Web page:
PRimage client, Pharmacy2U, is the UK’s leading dedicated internet and mail order pharmacy operation, and advocates that internet pharmacy, properly and professionally regulated and strictly monitored, provides a valuable service and additional choice for consumers. Since its launch in 1999, the company’s robust checks and balances business processes and powerful audit systems have been a benchmark example of best practice in e-pharmacy.
Pharmacy2U Managing Director, Daniel Lee, says that during the past year he has noted, with increasing concern, that the current internet pharmacy logo is being used by pharmacies which do not adhere to the current Code of Ethics and the proposed GPhC Council Standards for pharmacy owners and superintendent pharmacists of retail pharmacy business services. This is a matter of great professional and commercial concern for Pharmacy2U, and to highlight the problem and validate their concerns, the company have conducted an audit and review of the websites of 100 online pharmacies using the Internet Pharmacy Logo.
The audit research findings are very disturbing and reinforce this growing problem – revealing that a number of pharmacies displaying the internet pharmacy logo unfortunately have not fulfilled even the simplest requirements of the standard: such as clearly displaying the name of the owner of the business, or providing information on how to confirm the registration status of the pharmacy or pharmacist.
Of the 100 pharmacies reviewed in the audit sample:
• 23% were not conforming
• 14% were not showing the name of the business
• 16% did not state the superintendent pharmacist
• 16% were not displaying information on how to confirm status
• 16% were not displaying complaints information
• 13% were contravening NHS brand guidelines
Mr Lee comments: “We believe strongly that the verification process for the internet pharmacy logo needs to be robustly monitored and adhered to. It is vital that the new GPhC, DH, policy makers and other stakeholders recognise this – and Pharmacy2U are committed to campaigning to achieve this. The internet pharmacy logo could be a fantastic tool to enable consumers to find a trusted source of internet pharmacy – but its success and validity can only be based on a tightly controlled process for the distribution of the logo and the monitoring of its use”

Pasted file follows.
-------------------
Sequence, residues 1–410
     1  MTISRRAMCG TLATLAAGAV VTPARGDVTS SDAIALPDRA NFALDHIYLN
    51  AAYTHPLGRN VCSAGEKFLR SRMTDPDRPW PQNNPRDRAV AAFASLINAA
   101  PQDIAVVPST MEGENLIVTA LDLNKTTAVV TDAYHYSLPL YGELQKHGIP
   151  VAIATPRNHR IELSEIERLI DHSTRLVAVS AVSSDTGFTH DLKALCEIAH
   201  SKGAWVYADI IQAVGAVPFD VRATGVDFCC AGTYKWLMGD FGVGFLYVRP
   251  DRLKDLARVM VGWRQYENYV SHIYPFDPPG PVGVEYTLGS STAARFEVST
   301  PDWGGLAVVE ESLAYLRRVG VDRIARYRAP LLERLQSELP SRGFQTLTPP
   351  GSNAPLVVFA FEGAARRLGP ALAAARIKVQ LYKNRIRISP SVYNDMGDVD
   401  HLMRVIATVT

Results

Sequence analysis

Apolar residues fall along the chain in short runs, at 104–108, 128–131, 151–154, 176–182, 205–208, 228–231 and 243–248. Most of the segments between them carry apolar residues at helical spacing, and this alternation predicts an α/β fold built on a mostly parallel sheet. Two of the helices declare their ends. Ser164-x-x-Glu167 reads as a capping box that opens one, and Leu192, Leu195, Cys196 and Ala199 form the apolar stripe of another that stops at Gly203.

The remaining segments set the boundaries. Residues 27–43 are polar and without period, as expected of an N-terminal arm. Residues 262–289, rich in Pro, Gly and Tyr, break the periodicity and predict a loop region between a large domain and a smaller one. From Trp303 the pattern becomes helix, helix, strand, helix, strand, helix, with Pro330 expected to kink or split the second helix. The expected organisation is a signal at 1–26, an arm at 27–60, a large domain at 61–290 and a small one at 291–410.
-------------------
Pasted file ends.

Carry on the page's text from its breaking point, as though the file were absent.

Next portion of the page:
“Over the past decade internet and mail order pharmacy has been positively recognised within many Department of Health policy documents – and has been acknowledged as fulfilling the NHS ethos of meeting the needs of patients, with ease of access, convenience and choice. Our research findings show that the credibility and integrity of Internet pharmacy is being put at risk – which is damaging for consumers and for the confidence that the public and opinion holders have in online pharmacy.”
Pharmacy2U recommend that the following five requirements are needed to increase the robustness of the verification process for the internet pharmacy logo, ensuring:
• Patients privacy is protected
• Adherence to a recognized and agreed standard of practice
• Conformation to other standards such as Trading standards, Distance Selling Directives, ISO90071, etc
• On site inspection mandatory with appropriate costs charged to the registering pharmacy
• Possibility of a new third party organisation to ensure that applicants meet the initial and ongoing requirements for registration
These recommendations will be part of the Pharmacy2U campaigning message to the GPhC and other key opinion formers and policy makers.
Pharmacy2U is further worried about the many illegal internet pharmacies operating in the UK. Mr Lee has zero tolerance of illegal and non conforming internet pharmacies – and the company continually report these rogue websites to the MHRA. Unfortunately, according to Mr Lee, there is little the MRHA can do for rogue websites operating outside of the UK.
The company is not alone in their concerns on this issue. In September Google announced its intention to file lawsuits against online rogue pharmacies that it believes have deliberately broken its advertising rules.